Figure 2:Effect of kerogen resistivity on (a) the effective resistivity of the source rock sample and (b) the corresponding relative error in estimates of water saturation if kerogen conductivity is not taken into account.
Task 3: Define directional connectivity of kerogen network and quantify its effect on electrical resistivity of organic-rich source rocks
The directional connectivity along i direction (x, y, or z) is defined as
where M is the total number of the connected conductive clusters along i direction, Zj is the volumetric concentration of the jth connected conductive cluster, γ and β are connectivity parameters, and tj,i is the directional tortuosity of the jth connected cluster of each conductive component along i direction. tj,i is calculated using a random walk algorithm. Figure 3quantifies the impact of kerogen network connectivity on electrical resistivity of synthetic organic-rich source rocks in the (a) horizontal and (b) vertical directions. The results confirm that the increase in the directional connectivity causes a decrease in the electrical resistivity of the rock.
Figure 3: impact of kerogen network connectivity on electrical resistivity of synthetic organic-rich source rocks in the (a) horizontal and (b) vertical directions. Rh and Rvrepresent the electrical resistivity in horizontal and vertical directions, respectively.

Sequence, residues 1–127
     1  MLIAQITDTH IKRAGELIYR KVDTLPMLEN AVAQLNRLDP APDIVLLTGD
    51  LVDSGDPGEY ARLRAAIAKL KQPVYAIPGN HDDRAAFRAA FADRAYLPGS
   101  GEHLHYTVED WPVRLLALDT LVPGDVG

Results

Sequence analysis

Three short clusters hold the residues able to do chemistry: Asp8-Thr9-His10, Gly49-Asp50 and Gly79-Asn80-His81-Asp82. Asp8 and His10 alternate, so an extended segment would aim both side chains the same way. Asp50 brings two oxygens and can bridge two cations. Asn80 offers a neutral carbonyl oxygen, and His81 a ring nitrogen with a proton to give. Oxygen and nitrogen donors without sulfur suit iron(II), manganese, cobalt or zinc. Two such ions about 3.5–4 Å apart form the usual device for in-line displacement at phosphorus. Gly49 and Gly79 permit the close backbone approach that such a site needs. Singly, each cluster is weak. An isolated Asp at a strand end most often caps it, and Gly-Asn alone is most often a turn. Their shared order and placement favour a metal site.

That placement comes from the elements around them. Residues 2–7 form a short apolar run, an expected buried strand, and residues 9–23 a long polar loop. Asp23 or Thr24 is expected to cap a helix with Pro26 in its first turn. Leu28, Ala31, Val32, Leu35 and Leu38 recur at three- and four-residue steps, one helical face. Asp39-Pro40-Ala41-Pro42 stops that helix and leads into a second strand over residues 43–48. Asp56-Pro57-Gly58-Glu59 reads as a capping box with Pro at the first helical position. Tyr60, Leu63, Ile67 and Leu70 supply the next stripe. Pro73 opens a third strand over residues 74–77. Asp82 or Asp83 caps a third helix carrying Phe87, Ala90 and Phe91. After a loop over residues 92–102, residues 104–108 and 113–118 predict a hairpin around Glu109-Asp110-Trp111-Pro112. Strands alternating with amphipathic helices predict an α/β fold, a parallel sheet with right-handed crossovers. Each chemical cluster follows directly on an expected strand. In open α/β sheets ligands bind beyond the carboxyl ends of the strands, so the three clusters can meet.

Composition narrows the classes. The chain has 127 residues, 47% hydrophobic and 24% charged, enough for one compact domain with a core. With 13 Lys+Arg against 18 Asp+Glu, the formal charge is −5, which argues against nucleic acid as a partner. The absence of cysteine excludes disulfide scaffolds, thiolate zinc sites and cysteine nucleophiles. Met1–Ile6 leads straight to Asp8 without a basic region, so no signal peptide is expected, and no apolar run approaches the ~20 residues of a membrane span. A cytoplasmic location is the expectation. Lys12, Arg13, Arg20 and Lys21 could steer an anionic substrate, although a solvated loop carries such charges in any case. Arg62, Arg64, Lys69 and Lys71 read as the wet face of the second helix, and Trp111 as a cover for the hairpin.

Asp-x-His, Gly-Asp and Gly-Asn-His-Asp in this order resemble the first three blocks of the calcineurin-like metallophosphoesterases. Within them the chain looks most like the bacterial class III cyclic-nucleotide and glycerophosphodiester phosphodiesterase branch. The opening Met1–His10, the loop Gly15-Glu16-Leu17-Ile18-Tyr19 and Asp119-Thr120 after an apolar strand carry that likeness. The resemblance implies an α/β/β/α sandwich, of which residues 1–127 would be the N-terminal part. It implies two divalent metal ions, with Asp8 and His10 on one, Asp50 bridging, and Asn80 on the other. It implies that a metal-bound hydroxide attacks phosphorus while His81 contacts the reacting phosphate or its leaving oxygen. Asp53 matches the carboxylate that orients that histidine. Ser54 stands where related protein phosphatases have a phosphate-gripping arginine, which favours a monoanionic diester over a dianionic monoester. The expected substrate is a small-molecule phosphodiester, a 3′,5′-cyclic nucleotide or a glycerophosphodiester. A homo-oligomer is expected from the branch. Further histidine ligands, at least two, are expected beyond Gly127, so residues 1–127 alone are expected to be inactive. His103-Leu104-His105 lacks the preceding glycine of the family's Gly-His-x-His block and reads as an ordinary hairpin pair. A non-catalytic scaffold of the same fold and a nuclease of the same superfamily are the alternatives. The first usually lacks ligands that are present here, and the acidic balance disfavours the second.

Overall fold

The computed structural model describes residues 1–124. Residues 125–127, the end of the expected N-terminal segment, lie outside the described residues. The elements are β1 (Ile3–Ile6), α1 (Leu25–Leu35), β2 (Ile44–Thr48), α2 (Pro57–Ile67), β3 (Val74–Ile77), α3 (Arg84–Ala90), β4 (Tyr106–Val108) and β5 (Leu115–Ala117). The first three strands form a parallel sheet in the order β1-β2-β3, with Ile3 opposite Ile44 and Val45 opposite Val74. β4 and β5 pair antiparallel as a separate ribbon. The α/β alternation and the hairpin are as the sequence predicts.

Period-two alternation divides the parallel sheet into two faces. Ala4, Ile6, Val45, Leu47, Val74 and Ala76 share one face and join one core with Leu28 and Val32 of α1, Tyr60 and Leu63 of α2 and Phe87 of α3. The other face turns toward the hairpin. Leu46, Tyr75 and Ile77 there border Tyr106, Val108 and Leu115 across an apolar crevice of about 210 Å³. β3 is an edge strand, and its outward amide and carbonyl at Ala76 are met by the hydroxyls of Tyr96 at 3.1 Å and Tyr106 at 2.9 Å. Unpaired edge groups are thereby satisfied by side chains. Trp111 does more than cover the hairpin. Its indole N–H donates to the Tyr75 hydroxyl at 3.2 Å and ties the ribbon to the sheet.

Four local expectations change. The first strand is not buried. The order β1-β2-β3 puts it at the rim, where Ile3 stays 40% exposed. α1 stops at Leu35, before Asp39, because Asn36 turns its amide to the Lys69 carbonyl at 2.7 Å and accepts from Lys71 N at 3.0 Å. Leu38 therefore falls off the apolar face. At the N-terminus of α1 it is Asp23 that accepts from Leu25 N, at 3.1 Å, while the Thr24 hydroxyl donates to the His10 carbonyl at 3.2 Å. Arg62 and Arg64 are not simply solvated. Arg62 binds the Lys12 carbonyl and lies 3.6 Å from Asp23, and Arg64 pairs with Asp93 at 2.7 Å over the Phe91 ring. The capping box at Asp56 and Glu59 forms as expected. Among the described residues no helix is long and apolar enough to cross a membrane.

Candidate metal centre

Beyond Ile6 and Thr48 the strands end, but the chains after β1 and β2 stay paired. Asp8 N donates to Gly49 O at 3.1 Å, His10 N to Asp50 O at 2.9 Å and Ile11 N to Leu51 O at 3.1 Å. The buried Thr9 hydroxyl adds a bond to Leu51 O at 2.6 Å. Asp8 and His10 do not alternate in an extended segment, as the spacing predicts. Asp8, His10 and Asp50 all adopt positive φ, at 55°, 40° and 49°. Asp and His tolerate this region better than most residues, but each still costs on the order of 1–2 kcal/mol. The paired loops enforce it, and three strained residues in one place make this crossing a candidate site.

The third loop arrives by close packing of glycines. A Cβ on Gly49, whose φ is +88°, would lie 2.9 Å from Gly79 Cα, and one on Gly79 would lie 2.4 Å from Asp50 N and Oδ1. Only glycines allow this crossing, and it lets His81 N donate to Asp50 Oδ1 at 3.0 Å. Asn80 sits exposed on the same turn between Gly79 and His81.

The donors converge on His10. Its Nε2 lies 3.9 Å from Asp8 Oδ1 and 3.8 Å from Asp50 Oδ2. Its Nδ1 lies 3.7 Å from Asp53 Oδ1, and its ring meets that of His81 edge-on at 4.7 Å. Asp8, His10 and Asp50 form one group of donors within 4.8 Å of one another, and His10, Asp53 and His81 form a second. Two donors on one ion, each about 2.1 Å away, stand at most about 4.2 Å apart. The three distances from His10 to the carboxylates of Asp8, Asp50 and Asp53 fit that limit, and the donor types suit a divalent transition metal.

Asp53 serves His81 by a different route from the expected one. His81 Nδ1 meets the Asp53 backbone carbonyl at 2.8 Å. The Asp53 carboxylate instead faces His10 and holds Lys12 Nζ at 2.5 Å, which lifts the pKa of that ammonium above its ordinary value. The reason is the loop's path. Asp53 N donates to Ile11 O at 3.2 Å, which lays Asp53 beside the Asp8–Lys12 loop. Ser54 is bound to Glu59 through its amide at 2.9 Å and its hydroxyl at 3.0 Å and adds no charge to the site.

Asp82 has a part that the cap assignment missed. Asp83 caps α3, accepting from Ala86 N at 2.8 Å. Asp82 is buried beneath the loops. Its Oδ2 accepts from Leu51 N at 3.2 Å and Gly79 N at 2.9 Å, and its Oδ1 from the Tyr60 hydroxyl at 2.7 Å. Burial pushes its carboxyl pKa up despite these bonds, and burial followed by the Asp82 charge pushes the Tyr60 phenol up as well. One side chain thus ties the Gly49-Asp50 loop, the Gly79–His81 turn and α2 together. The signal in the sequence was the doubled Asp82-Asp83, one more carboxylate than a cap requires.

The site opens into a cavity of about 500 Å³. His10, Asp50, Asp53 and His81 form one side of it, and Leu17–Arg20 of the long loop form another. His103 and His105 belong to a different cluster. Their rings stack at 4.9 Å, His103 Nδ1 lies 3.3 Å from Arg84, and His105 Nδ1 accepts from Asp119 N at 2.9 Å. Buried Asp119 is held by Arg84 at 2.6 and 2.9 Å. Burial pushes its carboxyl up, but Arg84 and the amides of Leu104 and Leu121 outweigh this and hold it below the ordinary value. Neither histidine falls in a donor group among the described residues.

Task 4: Quantify electrical properties of kerogen
This experimental ongoing task is required to obtain reliable input to the numerical simulations. The first step was to separate kerogen from organic-rich source rock samples using physical and chemical techniques. The isolated kerogen powder sample was then compressed to form a homogeneous consolidated disk. We synthetically matured isolated kerogen samples by heat-treating and measured electrical resistivity and geochemical properties of each set of molded samples at different maturity levels. The results demonstrated a significant decrease in electrical resistivity of isolated kerogen samples from the Haynesville (i.e., up to four orders of magnitude) and the Eagle Ford (i.e., up to nine orders of magnitude) formations upon increasing the heat-treatment temperature from 300°C to 800°C. The decrease of electrical resistivity at high maturity levels could be attributed to the presence graphite-like sheets and/or appearance of aromatic components in the organic matter, which will be further studied during the next year.
We introduced a method to calculate directional connectivity of kerogen in organic-rich source rocks using three-dimensional pore-scale rock volumes. We then quantified the impact of directional connectivity of mature kerogen network on the electrical resistivity of organic-rich source rocks using numerical simulations. The results of numerical simulations showed measurable sensitivity of electrical resistivity in different directions to the directional connectivity of the kerogen network, which can significantly influence interpretation of electrical resistivity measurements in organic-rich source rocks. It is also promising for quantifying directional connectivity of organic matter network using borehole geophysical measurements. Laboratory experiments also confirmed and quantified the decrease in resistivity of kerogen when its thermal maturity increases.